Ben Hogan was one of the first players to focus on proper plane in the golf swing.
Hogan wrote about it specifically in his 1957 book: Five Lessons: The Modern Fundamentals of Golf.
Here’s an excerpt:
“The swing plane affects the direction the golf ball travels when hit and the trajectory of the shot. The plane is an imaginary flat surface used to describe the path and angle on which the club swings. The golf swing consists of the backswing plane and the downswing plane, and can be on plane, upright (above the plane) or flat (below the plane).”
Everyone has their own swing plane and it is determined by your body type and the club you’re using.
The length of the your arms, legs and torso affect your posture; the length of the club affects the angle of the shaft at address. A 5-foot-2 golfer holds a 40-inch-long club at more of an angle (flatter) than a 6-foot-2 golfer; therefore, a shorter golfer will tend to have a flatter on-plane swing than a taller golfer. If that same 5-foot-2 golfer swings the club below that plane, his swing is flat in relation to the plane.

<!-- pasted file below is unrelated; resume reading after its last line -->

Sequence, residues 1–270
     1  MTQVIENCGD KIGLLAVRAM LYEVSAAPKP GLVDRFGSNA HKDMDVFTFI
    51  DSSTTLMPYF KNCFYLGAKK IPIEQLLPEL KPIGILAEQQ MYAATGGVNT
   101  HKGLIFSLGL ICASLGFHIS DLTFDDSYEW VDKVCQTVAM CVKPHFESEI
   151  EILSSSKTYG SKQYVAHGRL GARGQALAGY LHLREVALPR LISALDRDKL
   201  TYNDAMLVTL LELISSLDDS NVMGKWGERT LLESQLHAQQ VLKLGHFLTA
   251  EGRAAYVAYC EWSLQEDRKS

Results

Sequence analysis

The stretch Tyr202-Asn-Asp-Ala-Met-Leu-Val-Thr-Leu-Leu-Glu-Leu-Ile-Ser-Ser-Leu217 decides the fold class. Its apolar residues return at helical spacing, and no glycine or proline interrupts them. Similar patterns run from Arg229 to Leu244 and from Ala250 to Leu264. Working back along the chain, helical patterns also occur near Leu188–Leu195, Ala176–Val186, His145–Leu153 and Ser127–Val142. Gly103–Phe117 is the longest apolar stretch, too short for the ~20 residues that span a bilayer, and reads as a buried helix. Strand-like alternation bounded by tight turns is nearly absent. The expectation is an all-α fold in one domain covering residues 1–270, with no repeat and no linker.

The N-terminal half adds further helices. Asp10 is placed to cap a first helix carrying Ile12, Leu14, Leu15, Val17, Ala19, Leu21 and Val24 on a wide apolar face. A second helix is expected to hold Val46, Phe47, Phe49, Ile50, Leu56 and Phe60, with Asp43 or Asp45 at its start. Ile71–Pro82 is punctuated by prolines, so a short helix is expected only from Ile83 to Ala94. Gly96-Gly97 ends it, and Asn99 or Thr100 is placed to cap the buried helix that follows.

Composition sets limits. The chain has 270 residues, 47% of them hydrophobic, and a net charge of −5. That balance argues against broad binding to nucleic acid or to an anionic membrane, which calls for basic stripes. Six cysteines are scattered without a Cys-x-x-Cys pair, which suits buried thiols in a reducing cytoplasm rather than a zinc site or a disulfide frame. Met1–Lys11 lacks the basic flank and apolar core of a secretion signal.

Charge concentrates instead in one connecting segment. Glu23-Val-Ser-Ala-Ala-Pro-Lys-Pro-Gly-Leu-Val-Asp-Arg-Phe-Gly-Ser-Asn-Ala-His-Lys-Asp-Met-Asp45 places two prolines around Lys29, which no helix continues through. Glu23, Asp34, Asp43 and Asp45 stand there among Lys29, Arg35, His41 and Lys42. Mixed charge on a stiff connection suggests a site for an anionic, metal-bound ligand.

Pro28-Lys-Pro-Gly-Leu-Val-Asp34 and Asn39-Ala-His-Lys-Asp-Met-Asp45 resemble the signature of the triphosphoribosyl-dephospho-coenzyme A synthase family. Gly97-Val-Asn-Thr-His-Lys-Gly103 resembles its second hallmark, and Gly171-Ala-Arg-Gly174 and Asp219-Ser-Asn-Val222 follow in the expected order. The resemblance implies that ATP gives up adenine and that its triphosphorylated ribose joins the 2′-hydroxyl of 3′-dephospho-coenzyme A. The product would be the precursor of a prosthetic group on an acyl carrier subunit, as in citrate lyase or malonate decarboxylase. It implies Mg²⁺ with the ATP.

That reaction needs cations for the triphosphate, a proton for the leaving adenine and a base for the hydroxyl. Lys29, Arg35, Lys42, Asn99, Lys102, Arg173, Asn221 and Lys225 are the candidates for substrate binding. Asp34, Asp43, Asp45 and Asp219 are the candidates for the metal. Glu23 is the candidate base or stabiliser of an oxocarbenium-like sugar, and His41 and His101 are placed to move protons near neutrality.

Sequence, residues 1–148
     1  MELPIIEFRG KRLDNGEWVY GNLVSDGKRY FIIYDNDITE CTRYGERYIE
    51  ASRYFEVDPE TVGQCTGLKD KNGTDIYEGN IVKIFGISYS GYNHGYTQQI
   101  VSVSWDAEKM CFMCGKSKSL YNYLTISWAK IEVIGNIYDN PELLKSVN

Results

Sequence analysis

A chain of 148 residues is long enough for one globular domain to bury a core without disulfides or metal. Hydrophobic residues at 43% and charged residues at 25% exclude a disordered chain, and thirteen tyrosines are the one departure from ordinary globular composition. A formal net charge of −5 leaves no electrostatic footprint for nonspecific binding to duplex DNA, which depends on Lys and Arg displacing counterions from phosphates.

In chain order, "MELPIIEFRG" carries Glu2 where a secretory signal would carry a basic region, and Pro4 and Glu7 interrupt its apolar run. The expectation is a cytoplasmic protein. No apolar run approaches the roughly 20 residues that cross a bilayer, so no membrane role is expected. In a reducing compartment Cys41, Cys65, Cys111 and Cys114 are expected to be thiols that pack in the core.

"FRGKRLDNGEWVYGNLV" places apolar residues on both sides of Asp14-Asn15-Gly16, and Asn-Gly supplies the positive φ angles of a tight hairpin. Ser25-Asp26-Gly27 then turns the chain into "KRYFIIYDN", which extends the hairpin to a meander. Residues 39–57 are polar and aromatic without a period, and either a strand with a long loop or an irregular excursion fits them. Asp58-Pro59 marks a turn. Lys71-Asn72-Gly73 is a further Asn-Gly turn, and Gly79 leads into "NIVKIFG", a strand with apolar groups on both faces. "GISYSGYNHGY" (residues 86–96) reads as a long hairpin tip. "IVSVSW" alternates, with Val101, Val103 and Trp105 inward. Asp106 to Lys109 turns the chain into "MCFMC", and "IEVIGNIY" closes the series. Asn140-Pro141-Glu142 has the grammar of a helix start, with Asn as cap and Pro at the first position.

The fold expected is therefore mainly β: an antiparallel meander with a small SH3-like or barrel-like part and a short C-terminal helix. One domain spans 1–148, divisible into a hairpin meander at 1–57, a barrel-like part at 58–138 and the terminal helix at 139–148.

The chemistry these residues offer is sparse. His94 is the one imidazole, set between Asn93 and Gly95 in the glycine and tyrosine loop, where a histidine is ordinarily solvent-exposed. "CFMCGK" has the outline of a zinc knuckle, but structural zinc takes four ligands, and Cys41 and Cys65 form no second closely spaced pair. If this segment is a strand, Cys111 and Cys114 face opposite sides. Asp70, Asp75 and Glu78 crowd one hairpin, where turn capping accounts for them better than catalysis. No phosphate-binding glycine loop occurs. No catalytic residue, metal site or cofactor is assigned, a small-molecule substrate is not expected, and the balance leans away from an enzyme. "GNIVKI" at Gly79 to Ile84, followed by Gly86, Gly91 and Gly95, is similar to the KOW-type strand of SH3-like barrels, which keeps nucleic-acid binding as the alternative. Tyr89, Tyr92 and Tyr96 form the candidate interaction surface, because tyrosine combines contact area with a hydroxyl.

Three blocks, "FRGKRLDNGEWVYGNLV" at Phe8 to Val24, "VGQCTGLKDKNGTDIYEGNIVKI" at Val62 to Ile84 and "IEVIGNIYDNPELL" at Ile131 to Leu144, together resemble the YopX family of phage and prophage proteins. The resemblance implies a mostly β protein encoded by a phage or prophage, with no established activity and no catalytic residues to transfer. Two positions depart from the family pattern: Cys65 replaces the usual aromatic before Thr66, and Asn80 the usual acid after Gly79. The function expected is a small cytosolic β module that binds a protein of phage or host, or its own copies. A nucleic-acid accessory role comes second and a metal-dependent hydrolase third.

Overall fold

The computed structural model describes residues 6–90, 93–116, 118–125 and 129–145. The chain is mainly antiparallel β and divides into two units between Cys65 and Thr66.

The greatest players have had swing planes that range from very flat: Hogan, Gary Player and Lee Trevino. Jack Nicklaus, Tom Weiskopf and Tom Watson all had upright swings. The flatter swing has a better chance of staying connected, making it easier to time the swing. It also causes the ball to come off the clubface on a lower trajectory with a tendency to draw, if the clubface is square to the target. The more upright swing wanders less from the target line and allows a better chance for a straight shot, if timed correctly.
Today, PGA Professional Steve Whidden will show us a simple drill to find and keep your club on the proper plane.
The drill is easy enough and you can practice it everywhere, you don’t even need to be at the range.
So work on proper swing plane and hit more quality shots.